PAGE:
What does the Eurovision Song Contest stand for?

More than just a matter of taste the Eurovision Song Contest is a reflection of the continent itself, Europe's commentators muse after the mass spectacle on Saturday in Kiev.

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Offnews (BG) /

Eurovision stands for peace

The Eurovision Song Contest stands for exchange between cultures - and that is exactly what makes it so important, Offnews writes:

“You could see it in Kiev: the flags of almost every European country being waved together to the beat of the music; people singing and dancing together without understanding each other's language. For a few hours it wasn't about confrontation, war or money. We witnessed the interaction that forms the basis of the European memory. The simplest thing would be to cancel the extravaganza, but we mustn't forget that it's thanks to these many small interactions between our cultures that we have enjoyed peace and unity in Europe for half a century. They mean more to us than we realise. Anyone who can't live with that can just reach for the zapper.”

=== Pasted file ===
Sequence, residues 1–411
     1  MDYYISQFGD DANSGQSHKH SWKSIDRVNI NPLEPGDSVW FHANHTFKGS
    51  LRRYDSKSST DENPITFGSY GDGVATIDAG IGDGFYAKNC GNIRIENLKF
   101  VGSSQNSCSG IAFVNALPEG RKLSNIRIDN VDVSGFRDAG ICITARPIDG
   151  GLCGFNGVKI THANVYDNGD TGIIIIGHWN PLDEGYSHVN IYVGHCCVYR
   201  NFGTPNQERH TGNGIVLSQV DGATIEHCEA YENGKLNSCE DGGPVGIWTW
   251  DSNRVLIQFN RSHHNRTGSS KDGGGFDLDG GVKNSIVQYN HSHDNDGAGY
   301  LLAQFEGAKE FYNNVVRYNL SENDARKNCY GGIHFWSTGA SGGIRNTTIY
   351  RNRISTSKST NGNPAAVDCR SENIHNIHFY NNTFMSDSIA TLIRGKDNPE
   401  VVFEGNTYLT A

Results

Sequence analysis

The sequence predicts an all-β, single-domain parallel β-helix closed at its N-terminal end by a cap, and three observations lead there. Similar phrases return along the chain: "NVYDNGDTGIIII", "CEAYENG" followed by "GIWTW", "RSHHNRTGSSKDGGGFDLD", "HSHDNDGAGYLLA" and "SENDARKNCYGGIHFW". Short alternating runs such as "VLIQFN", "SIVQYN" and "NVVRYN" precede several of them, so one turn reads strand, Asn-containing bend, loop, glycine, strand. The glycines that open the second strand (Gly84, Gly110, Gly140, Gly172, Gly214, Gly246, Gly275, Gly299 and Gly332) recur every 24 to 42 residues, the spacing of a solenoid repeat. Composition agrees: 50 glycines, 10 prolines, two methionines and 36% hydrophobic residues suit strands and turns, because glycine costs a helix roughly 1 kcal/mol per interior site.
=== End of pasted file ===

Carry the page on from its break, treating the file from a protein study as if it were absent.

Rzeczpospolita (PL) /

Forget harmony and unity!

For Rzeczpospolita the European Song Contest says a lot about the current state of Europe:

“The competition shows, for example, that the Europe of nations is a fact. Europe and the EU don't stand for 'We the people' but 'We the peoples'. For some time here on the Old Continent we've been acting as if we were a single entity. With the same success as the little stars of the Eurovision contest: a dreadful English accent, texts that are virtually unintelligible and a complete lack of harmony. Things only get interesting when we're inspired by our own traditions. Like the winner of this year's contest, Salvador Sobral, who sung a beautiful unassuming song inspired by the Portuguese fado.”